By MICK ROBERTS ©
OFTEN overlooked in the pages of history, women played a pivotal role in the day to day functioning of Australian inns and hotels.
The wives of pioneering publicans were often young and their duties were physically demanding.
Husband and wife teams rarely could afford to employ staff and as their children grew older they were put to work helping in the business. They were a tough breed, with the hours of a 19th century publican and his family long and draining.
Pubs opened from 4am to midnight six days a week and all day Sunday for guests prior to 1862. The region’s landladies were awake at the crack of dawn tending the residential and dining needs of their guests. They cared for the laundry, cooked, pulled beers behind the bar – they were the backbone of a well run colonial inn.
One of these pioneering women was Sarah Lindsay who became the matriarch of an Illawarra hotel dynasty. She was a landlady of at least three different pubs in the Illawarra and witnessed the industry grow from the days of the humble coaching inn to the imposing grand hotels of the railway era.
Her sons and grandsons went on to operate hotels, and the family name became synonymous with pubs in the Illawarra for over 100 years.
Born Sarah Bryen in Fermanagh Ireland in 1838, she landed in NSW with her farming parents as a three year old. In 1854, at the age of 17 she married William Lindsay. The following year the newly weds opened the Farmers Hotel at Unanderra on the hill overlooking Kembla Grange along what would later be the Princes Highway, near the intersection of Orangegrove Road. The inn catered for coaches, travellers and the local farming community.
Sarah and William hosted their timber inn for 25 years on what was then the Main South Coast Road before they took the license of the Clifton Inn during 1880. Their eldest son George took over running the Farmers Inn at Unaderra. The Lindsay pub dynasty had begun.
However, William fell ill with dropsy within a few months of moving to Clifton and he moved back to the Farmers Inn to convalesce, leaving Sarah running the rowdy, put profitable, coal miners’ pub at Clifton. She was left a widow at the age of 47 with the death of William in 1881.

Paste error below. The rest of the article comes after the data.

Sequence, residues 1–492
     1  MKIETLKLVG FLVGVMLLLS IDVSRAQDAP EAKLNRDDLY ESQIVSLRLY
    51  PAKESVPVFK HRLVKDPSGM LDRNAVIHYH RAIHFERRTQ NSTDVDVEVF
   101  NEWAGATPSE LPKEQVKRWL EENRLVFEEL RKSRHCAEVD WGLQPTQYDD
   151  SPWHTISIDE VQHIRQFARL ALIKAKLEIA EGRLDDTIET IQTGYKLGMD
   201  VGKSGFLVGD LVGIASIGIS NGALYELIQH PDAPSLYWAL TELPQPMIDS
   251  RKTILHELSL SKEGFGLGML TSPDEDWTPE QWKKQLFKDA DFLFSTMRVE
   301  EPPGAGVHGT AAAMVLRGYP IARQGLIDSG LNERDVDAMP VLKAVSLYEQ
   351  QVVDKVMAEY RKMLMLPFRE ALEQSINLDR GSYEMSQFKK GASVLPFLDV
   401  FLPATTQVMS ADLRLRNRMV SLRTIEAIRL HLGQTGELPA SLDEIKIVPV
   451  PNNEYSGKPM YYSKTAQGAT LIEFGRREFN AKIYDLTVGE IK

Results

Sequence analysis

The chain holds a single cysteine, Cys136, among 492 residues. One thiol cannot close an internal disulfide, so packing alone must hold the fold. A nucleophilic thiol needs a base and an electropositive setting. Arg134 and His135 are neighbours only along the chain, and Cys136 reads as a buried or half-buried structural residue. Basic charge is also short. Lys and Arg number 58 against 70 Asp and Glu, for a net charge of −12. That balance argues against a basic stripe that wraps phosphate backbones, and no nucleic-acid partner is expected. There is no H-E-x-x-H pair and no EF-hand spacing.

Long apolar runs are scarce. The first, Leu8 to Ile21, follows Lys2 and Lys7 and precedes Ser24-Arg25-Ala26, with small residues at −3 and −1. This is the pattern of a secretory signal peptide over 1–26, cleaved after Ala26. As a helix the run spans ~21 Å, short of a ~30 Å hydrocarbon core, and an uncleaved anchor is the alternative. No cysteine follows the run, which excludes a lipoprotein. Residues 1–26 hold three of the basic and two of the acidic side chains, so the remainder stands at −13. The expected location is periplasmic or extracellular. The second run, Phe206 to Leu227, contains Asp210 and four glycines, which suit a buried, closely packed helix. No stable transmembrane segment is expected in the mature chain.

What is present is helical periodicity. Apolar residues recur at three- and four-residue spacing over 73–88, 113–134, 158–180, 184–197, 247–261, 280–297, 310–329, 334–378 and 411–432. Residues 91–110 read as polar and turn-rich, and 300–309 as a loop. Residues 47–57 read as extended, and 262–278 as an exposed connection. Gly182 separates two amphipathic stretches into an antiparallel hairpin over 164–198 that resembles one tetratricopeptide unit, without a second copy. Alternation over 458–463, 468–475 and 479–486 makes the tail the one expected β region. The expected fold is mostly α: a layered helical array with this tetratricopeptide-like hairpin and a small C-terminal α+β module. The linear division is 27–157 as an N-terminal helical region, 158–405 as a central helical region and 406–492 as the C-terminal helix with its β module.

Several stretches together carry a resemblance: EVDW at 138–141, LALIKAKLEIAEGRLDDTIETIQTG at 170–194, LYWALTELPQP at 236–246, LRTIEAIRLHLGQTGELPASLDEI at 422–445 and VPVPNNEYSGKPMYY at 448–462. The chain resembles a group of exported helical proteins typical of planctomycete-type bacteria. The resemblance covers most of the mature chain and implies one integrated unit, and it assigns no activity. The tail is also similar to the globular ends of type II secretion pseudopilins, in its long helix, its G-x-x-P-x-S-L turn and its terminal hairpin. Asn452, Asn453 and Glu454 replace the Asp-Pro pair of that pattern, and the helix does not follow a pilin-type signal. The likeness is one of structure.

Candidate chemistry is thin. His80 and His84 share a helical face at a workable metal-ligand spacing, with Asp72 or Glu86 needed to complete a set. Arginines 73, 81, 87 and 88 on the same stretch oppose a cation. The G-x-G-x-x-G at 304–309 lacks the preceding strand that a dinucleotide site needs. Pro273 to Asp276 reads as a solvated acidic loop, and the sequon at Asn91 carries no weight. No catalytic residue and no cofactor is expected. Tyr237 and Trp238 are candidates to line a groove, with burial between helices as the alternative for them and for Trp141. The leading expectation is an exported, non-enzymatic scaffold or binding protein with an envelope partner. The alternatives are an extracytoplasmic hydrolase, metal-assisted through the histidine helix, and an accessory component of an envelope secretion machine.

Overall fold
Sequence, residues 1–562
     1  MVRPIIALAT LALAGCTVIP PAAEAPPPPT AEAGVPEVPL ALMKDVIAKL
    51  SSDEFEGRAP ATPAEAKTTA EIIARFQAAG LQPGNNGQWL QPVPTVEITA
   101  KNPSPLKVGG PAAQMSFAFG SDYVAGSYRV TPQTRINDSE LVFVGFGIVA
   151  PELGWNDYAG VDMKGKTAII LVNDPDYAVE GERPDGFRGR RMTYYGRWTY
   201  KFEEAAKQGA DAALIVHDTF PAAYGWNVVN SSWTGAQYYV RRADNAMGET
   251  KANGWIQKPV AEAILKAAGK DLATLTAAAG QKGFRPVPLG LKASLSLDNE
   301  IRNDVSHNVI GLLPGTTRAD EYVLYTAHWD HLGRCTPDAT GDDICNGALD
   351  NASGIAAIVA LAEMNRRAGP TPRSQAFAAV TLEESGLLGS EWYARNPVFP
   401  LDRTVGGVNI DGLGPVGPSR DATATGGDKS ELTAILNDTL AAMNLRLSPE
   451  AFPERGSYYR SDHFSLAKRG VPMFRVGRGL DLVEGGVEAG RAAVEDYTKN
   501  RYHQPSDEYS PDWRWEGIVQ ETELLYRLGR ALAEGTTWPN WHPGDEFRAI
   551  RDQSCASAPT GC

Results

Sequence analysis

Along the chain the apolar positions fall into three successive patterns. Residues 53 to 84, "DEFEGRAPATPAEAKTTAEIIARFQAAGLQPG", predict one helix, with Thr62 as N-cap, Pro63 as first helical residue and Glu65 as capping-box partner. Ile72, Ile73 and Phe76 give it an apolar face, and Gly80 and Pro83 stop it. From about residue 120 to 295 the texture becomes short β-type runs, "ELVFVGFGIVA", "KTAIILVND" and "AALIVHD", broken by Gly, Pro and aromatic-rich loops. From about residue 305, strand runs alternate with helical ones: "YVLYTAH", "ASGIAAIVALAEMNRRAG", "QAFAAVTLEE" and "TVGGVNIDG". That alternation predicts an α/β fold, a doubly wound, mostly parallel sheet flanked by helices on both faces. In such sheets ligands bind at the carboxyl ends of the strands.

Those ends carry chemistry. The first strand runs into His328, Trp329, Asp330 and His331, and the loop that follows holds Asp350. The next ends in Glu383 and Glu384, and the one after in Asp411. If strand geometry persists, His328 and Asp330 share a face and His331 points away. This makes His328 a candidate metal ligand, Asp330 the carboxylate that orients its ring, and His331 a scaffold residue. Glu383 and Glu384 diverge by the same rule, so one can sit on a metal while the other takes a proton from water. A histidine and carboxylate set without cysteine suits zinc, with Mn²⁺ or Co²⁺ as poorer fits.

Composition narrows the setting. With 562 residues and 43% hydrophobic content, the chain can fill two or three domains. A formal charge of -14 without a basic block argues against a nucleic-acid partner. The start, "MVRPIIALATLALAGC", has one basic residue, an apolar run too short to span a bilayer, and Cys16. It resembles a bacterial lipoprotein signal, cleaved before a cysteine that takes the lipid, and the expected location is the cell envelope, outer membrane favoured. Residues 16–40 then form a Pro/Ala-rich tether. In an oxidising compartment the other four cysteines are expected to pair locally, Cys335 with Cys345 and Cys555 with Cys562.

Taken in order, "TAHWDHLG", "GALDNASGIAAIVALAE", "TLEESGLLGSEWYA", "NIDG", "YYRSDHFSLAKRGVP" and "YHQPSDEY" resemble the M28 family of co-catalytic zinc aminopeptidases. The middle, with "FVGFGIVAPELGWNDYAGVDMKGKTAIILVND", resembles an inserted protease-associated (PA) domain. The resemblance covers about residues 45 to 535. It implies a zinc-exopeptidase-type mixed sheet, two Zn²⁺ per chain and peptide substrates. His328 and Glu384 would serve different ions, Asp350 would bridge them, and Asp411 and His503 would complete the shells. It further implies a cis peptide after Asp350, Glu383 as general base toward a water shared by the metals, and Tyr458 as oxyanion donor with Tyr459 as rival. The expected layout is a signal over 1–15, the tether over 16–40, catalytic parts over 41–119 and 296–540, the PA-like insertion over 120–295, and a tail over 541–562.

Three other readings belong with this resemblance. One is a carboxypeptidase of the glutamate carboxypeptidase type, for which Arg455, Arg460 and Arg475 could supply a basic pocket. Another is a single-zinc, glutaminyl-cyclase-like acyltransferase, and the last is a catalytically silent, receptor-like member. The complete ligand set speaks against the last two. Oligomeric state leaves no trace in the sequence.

Sarah caused quite a stir in the village when she remarried Alfred Broadhead within a couple of months of her husband’s death. Her new husband, Alfred gained the license of the Clifton Inn where they remained as hosts until the early 1890s.
The Broadheads answer to competition with the opening of the Imperial Hotel across the road from their inn during 1884 was the building of a grand two storey brick and sandstone hotel at South Clifton in 1886. The Scarborough Hotel was opened for business at a cost of 3,000 pounds on June 21 1887 to coincide with the officially opening of the South Coast Railway. Although it would be another month before the building was licensed to sell liquor a few glasses were more than likely raised to toast the occasion.
Sarah and Alfred continued as hosts at Clifton leasing the Scarborough Hotel to their son Edward until they finally moved into their new pub in 1892. They remained at the helm of the Scarborough Hotel until 1912.
Sarah hadn’t quite finished raising eyebrows and after the death of her second husband Alfred Broadhead in 1914 the pioneering landlady moved into her grandson William’s Port Kembla Hotel. It was here at the age of 84 she married for the third time a 60 year-old Port Kembla cab driver by the name of William Matthews in 1922.
The marriage caused some concern within the family with her children worried her new husband was a gold-digger and had his eyes set on Sarah’s large property holdings, including the Scarborough pub. Tooth and Company, who had a lease on the Scarborough Hotel, reported in 1924:
“Walter McClaren, son-in-law of the owner, a lady aged 87, who married within the last two years a man about 60 (called today). There are several sons and daughters, and McClaren is evidently anxious to see the hotel converted into cash before the old lady dies.”
As a result her eldest son, George and son-in-law Walter McClaren became trustees of her estate before her death. The grand old lady of hotels died of “broncho-pneumonia and senility” aged 96 and was buried in the Woronora Cemetery on June 2 1934.
Sarah’s Illawarra hotel dynasty continued with her sons and grandsons hosting three Port Kembla Hotels from the 1920s through to the 1950s. An end of an era came with the last Lindsay, William hosting the Steelworks Hotel (Great Eastern) in 1955.
A century had passed since Sarah and William Lindsay began their hotel dynasty by opening a little timber inn over looking Kembla Grange in 1855.